• For example, in certain embodiments, a user equipment can adjust the length of on-duration, inactivity timer, and/or discontinuous reception cycle length or other DRX related parameters.
  • Rules can be used by the user equipment for such adjustments. The rules can be based on where and how often within a discontinuous reception cycle user equipment is scheduled successfully. Successful scheduling may be determined based on the physical downlink control channel (PDCCH) being correctly received including scheduling for the user equipment. Alternatively, successful scheduling may be determined based on successfully decoding a PDCCH indicating an initial uplink (UL) or downlink (DL) user data transmission for the user equipment.
  • The rules can include any of the following, in any combination: whether user equipment is scheduled during on-duration, whether user equipment is scheduled during in-activity timer, how long the active time was, how long the active time would have needed to be, and how the scheduling pattern was, for example, density, frequency, periodicity, or hybrid automatic repeat request (HARQ) state. Both sides (user equipment and network) can know the rules in advance, so these adaptations can take place without further signaling. Moreover, in general because the network knows the rules and the bases upon which the user equipment applies the rules, the network may be able to know the state of the user equipment with respect to these adaptations without signaling from the user equipment.
  • Accordingly, in certain embodiments, there is a self-adapting discontinuous reception pattern based on having a static discontinuous reception part and a self-adapting discontinuous reception part. Instead of a discontinuous reception pattern consisting only of fixed discontinuous reception parameters set by the network, in certain embodiments the conventionally fixed length on-duration timer (onDurationTimer) and conventionally fixed length inactivity timer (drx-InactivityTimer) are self-adapting parameters in the discontinuous reception configuration.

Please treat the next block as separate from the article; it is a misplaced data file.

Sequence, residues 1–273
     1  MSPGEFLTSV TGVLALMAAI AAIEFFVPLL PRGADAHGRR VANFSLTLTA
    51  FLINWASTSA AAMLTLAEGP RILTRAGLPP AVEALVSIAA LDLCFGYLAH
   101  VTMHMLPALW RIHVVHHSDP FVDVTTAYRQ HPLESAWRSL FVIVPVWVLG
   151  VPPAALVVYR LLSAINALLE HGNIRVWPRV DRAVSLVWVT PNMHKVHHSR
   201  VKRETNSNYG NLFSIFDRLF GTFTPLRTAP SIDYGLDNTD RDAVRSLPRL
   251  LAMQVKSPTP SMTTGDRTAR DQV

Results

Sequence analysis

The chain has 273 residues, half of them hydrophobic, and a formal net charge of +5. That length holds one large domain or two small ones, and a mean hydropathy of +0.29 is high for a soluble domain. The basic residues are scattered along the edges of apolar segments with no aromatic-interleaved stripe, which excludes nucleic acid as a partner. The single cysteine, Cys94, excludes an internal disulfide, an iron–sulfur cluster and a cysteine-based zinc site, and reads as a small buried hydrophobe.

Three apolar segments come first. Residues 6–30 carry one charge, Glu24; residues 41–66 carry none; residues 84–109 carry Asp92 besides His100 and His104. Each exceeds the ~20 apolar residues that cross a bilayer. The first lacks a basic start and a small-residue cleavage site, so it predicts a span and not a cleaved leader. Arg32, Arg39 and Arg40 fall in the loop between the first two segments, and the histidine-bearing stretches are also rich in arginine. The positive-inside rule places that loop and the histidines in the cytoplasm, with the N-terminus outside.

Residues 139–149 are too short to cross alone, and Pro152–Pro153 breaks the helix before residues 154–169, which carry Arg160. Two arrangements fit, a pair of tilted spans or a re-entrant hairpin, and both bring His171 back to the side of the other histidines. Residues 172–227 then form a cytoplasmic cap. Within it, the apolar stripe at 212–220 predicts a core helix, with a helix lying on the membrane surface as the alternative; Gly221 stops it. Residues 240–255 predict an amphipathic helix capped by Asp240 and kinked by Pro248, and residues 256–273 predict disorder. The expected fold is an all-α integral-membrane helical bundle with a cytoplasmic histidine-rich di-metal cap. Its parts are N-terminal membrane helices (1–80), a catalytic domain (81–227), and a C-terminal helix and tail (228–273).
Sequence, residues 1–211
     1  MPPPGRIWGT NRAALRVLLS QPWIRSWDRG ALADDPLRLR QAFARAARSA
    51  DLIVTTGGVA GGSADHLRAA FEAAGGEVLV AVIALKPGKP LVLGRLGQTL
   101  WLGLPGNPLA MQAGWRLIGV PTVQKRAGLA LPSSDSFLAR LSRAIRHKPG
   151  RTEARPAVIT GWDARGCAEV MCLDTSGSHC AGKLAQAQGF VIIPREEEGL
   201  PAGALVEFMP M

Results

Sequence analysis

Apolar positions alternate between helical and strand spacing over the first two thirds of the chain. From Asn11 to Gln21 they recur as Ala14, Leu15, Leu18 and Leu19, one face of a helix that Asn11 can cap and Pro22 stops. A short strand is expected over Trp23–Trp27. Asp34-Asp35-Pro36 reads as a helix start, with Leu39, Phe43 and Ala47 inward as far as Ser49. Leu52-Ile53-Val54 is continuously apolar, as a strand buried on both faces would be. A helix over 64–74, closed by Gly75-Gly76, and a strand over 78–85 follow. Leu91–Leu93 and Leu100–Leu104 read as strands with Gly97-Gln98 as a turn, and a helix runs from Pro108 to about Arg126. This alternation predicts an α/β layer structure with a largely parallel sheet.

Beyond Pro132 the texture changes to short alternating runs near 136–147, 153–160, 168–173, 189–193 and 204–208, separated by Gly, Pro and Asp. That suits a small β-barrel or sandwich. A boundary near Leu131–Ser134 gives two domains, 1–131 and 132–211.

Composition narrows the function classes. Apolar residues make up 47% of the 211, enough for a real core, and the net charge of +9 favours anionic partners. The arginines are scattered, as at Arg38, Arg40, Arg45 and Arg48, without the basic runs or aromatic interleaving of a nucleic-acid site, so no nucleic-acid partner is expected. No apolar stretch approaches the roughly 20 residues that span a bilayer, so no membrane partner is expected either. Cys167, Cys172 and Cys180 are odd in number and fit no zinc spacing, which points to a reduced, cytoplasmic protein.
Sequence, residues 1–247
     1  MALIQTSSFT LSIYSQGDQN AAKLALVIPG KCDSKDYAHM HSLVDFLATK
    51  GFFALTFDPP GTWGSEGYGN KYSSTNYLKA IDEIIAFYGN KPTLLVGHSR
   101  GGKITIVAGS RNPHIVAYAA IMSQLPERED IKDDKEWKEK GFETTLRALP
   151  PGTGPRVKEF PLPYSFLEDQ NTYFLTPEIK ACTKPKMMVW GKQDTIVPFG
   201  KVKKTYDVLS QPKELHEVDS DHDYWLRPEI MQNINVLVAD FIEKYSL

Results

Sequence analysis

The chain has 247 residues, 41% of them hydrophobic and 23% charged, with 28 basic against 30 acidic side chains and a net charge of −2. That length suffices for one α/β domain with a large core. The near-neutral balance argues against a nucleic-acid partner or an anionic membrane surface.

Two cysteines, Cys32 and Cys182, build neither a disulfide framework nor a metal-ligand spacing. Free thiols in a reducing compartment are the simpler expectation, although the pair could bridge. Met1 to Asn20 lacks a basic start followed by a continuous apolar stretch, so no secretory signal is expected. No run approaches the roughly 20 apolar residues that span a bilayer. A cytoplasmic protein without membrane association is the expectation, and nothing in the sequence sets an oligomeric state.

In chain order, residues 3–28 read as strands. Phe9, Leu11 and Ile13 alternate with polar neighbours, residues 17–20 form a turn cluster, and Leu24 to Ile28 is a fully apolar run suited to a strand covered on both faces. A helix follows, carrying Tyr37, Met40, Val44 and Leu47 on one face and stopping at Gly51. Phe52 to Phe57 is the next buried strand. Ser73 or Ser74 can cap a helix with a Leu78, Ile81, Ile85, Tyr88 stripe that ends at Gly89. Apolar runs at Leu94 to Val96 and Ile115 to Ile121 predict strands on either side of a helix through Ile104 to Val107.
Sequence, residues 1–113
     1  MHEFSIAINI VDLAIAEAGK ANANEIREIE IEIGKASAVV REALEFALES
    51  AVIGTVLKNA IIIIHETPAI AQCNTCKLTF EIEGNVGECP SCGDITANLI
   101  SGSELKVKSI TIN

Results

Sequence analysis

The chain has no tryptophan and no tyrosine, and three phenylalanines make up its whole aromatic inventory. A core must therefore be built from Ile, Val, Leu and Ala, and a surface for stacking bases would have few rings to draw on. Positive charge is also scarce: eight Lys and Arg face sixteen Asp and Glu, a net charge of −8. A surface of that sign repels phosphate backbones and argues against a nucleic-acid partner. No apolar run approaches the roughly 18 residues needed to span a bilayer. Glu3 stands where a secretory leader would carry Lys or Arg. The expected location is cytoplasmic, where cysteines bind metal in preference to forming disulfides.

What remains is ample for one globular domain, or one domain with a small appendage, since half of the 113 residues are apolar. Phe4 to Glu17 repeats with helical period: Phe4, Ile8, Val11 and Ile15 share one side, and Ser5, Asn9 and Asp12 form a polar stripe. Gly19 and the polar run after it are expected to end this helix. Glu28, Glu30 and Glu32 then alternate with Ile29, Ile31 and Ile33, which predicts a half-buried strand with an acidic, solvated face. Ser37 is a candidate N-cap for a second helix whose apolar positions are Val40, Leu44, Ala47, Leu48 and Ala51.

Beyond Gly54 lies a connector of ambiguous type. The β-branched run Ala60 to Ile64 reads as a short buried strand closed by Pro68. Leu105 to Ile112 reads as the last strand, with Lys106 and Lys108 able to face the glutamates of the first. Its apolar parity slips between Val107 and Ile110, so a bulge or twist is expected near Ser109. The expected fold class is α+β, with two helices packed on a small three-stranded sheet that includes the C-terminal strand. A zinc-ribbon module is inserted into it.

• In certain embodiments, therefore, the discontinuous reception pattern parameters (including, for example, the discontinuous reception timer lengths described above) are being adapted automatically in the user equipment. For example, the lengths of the discontinuous reception timers may be automatically adjusted based on active scheduling, for example, based on where within the discontinuous reception cycle the user equipment is scheduled.
  • While in some embodiments, there may be a static part and a dynamic or adaptive part, in certain embodiments, a full self adaptive scheme can be utilized.
  • Thus, in certain embodiments, a user equipment self-adapts the discontinuous reception pattern. In other words, a user equipment autonomously (but possibly guided by rules) can adapt the discontinuous reception pattern based on a changing scheduling activity. In particular, a user equipment can adjust the length of an on-duration, inactivity timer, and/or discontinuous reception cycle length.
  • For example, in certain embodiments each time an inactivity timer is triggered (for example, due to UE being scheduled), the timer is progressively lengthened (potentially to some maximum length) for the next cycle or triggering. In another embodiment, the length of on-duration can be similarly adapted by the user equipment. Conversely, if the inactivity timer is not triggered or used, the inactivity timer can be shortened for the next cycle or triggering.